Turning next to standard definition pictures, while they’re perfectly enjoyable on the 47LM960V, they’re not converted to the screen’s full HD resolution with quite as much precision and noise suppression as you see from rival top-end sets from Samsung, Sony and Panasonic.
It occurs to us at this point that our urge to get our Nano-related contrast moan off our chest right at the start of this review means we haven’t yet given any serious scrutiny to the 47LM960V’s other features. So let’s quickly cover the key points.
Connections are expansive, with four v1.4 HDMIs, three USB ports and built-in Wi-Fi leading the way. The set supports DLNA networking and, of course, can be taken online with LG’s exceptionally content-heavy Smart TV service. It remains the case that around three quarters of the apps available here are utter rubbish, but that still leaves 20-30 that offer plenty of goodies – including lots of streamed video.
Also worthy of note are the TV’s extensive picture calibration tools and ensuing endorsement by the Imaging Science Foundation, and LG’s superb operating system. The onscreen menus are well organised and look glorious in full high-definition, while the so-called Magic remote LG supplies alongside its standard handset offers a really intuitive ‘point at the right part of the screen and click’ alternative to the normal boring cursor control buttons.
To wrap up, there are two further performance points to cover – one good, one bad. The good one concerns the 47LM960V’s audio, which while hardly ‘hi-fi’ in nature is considerably better than we would have expected from a TV with such a stunningly skinny chassis. The soundstage avoids the thin, harsh tone that usually arises when speakers don’t have any room to work with, while action sequences even benefit from that rarest of skinny TV commodities, a bit of bass. Doubtless this surprising degree of audio success is down to LG’s inclusion of a large, rear-firing speaker on the 47LM960V’s back.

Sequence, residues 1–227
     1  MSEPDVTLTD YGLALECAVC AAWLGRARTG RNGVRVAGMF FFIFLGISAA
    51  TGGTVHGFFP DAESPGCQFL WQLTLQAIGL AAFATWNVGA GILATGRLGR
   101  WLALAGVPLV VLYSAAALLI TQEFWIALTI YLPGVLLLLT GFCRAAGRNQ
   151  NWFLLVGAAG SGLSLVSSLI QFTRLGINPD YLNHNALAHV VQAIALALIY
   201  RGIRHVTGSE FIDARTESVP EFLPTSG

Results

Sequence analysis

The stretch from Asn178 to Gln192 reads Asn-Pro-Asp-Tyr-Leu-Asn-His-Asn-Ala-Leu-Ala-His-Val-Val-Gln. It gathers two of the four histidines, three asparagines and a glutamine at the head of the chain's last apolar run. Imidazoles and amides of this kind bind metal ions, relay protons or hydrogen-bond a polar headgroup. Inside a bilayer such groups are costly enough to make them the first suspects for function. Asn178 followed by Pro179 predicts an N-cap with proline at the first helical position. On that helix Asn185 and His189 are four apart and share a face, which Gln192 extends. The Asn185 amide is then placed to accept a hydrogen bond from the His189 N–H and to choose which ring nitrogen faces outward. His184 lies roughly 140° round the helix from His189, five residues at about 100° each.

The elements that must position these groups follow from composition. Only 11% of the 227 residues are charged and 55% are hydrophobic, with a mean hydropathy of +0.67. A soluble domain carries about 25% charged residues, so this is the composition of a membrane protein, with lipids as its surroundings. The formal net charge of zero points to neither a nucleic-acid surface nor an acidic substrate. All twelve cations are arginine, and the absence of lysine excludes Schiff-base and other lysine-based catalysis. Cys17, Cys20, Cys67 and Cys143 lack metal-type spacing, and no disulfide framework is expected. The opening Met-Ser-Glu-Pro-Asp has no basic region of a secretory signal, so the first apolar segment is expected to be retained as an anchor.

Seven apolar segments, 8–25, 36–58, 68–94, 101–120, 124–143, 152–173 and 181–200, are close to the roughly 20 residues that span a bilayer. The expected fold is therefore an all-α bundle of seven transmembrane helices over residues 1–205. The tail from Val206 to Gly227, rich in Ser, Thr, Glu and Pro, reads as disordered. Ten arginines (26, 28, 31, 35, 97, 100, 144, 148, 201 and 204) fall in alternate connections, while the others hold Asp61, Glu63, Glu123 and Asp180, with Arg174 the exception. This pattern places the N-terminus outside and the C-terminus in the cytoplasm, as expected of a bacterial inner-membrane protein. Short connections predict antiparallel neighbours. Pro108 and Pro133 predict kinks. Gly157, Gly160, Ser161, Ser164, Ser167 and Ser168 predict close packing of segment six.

The final chink in the 47LM960V’s armour, meanwhile, is an all-too-familiar one with LG TVs: input lag. For the past couple of years we’ve consistently found LG TVs taking as much as 100ms to produce their pictures on screen after receiving them from their various sources. And you don’t need to be a rocket scientist – or Call of Duty obsessive – to realise that a delay of this magnitude can severely damage your console or PC gaming performance. By comparison, most rivals TVs keep input lag down to 40ms or less.
Having been thoroughly impressed by LG’s latest round of mid-range TVs, we had hugely high hopes for its flagship LM960V series. But sadly the quest for fashionable slimness seems to have ended up compromising the 47LM960V’s picture quality in the very area – contrast – where we’d most expected its direct LED engine to shine. A fact which also ends up making its £2,350 asking price look very high indeed.
Score in detail
3D Quality 8
2D Quality 7
Sound Quality 8
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